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Around The Fleet

Punching Back

Sailor shaped by service, boxing applies mindset of fighter to life

When asked who he is, Mass Communication Specialist 2nd Class Benjamin Dobbs uses two words: Sailor and fighter.


Dobbs wears two hats year-round. He is a U.S. Navy Sailor of nine years and a professional boxer. But Dobbs doesn't separate the two; he believes they are intertwined and he wouldn't be one without the other. Service and boxing make him the man he is.

While growing up in Indianapolis, a young Dobbs was immersed into a boxing culture. He always jokes about how big of a Mike Tyson fan his mom was. He would come home to fight parties where his friends and family would get the fight on pay-per-view and watch the fights.

Then, one day, an encounter he wasn't prepared for turned Dobbs from fan to boxer.

His parents owned a local convenience store, and Dobbs was working the counter the day it was robbed.

"As soon as I turned my back, they just hopped straight over the counter and started clearing out the register," Dobbs said. "I had the knife on my neck before I knew it."
Photo collage of MC2 Dobbs training.


Dobbs said the toughest thing to deal with was that the robber specifically chose him and saw vulnerability in him. That just didn't sit right with him.

So Dobbs, looking for a positive outlet to channel his anger and energy, jumped at the chance to meet with a boxing trainer.

He kept his story to himself, but Dobbs was able to direct his newfound passion into something he already loved and he became committed to the sport of boxing.

His first boxing match was in February 2004 in Anderson, Indiana, and that was just the start.

I remember pulling up to the gym and seeing my opponent outside. Now I have eager anticipation. I want to perform for the crowd and display bravery and skill." - Benjamin Dobbs


A couple of years later, his boxing career well underway, Dobbs saw one of his friends in an "All Navy Boxing" shirt.

"That was all I needed to know," Dobbs said of the All Navy Boxing program. "When I knew my lifestyle could be incorporated into Navy life, I had heard all I needed to hear."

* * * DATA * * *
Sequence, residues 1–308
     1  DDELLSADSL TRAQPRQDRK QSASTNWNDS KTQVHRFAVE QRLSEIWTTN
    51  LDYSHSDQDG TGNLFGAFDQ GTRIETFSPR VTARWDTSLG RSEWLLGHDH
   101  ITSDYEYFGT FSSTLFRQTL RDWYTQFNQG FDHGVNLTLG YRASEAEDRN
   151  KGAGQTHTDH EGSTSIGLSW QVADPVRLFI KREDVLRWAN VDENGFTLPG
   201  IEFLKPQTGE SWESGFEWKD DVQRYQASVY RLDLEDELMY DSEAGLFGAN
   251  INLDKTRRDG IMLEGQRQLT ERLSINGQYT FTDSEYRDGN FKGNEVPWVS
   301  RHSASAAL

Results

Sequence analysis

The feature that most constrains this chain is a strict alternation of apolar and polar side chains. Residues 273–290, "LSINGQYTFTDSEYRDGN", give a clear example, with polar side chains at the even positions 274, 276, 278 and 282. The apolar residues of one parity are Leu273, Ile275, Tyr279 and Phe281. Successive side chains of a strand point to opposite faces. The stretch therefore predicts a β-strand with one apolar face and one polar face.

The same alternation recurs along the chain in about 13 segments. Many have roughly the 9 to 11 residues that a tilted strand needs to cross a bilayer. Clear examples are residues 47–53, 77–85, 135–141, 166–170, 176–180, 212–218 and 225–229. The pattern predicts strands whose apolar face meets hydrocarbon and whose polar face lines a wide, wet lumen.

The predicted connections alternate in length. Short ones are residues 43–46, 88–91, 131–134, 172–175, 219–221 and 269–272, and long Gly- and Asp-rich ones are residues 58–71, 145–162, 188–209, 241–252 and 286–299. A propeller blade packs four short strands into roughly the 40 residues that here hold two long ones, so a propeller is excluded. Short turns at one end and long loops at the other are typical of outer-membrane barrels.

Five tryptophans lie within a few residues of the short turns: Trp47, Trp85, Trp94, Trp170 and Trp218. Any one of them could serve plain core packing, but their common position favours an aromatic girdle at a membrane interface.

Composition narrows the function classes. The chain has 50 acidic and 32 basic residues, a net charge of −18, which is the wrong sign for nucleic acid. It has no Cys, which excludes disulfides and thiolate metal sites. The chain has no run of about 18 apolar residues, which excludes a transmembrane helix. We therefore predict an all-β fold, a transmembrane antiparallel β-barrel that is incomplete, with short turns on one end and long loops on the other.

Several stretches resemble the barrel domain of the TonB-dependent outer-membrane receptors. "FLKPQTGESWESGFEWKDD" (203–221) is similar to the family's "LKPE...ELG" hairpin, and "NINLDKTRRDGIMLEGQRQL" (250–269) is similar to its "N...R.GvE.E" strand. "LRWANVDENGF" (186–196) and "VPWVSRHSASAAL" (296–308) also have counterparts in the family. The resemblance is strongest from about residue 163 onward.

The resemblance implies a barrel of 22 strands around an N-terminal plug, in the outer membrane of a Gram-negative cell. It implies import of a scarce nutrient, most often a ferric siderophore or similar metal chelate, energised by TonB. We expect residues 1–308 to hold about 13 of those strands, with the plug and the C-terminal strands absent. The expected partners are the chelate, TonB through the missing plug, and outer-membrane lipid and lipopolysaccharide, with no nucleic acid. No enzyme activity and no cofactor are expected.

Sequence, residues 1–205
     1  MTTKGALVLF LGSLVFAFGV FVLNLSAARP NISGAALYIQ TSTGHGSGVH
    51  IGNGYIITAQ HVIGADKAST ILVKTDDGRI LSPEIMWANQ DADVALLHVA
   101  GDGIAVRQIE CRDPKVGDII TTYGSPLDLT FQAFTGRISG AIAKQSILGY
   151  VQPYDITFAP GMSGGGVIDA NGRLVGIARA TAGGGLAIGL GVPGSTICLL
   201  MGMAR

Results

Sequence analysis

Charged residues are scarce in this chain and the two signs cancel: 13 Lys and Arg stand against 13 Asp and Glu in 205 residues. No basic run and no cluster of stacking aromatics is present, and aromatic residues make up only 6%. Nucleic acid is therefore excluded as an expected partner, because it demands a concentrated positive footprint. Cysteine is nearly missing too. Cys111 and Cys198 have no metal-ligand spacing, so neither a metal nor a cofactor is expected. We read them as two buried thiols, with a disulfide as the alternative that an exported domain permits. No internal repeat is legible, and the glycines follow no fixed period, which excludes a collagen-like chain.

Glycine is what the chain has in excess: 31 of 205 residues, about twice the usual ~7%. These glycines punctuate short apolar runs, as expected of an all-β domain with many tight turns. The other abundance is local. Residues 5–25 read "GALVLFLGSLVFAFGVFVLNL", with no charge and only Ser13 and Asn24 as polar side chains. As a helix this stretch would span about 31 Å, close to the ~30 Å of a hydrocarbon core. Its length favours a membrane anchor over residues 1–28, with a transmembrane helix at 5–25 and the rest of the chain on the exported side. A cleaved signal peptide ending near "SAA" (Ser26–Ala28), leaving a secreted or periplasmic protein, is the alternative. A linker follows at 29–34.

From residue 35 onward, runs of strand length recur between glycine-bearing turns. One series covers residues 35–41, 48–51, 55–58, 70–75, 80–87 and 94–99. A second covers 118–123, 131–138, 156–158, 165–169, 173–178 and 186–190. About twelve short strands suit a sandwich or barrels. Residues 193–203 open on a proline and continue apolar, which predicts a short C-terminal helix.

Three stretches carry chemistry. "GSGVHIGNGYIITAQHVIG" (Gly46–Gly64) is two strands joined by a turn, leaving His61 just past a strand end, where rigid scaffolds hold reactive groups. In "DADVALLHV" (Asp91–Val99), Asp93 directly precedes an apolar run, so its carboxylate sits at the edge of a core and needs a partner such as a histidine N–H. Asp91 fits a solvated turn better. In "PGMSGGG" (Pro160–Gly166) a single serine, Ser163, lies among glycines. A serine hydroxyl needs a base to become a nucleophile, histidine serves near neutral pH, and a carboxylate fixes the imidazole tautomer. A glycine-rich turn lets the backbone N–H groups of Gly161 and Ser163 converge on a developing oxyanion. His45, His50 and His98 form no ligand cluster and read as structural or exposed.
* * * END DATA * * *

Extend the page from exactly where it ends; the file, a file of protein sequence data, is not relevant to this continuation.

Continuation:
Dobbs quickly sought out a recruiter and began his Navy career, October 30, 2007, at the age of 26. His boxing career continued right along with it.

Dobbs even credits much of his success in boxing to his military experience.

"Before I joined the Navy, I was a .500 fighter." Dobbs said. "After joining the military, I was able to enter another mode and once the fight actually came around, I was ready to take care of business."

Dobbs said the Navy's culture of success also helped his fighting career.
Photo collage of MC2 Dobbs in a boxing match.


"The expectation is always success." Dobbs laughed, adding that whether it's a room inspection or a serious objective, success is expected. "But the expectation is that you are on top of your game and you are successful, so I definitely think that carries over into the ring."

Currently the 122nd ranked cruiserweight boxer in the nation, Dobbs insists that his journey is only beginning and he wants to take it to its highest height.

"When I see 122, I know I want to climb higher and higher. I have every right to dream so that is what I'm going to do ... dream and work."

Dobbs, now 36, acknowledges that his boxing window won't be open forever, however. He's focused on what he has to do now.

"I just want to motivate. I'm trying to carve out my place in history doing the sport I love. I've had obstacles to overcome, and yet I want to accomplish much more. I want the Navy to embrace and promote a culture of fitness, motivation and excellence ... and I want to play a part in that."

When Benjamin Dobbs gets punched, whether it be in the ring or in life, he punches back.
Photo of MC2 Dobbs in a boxing match.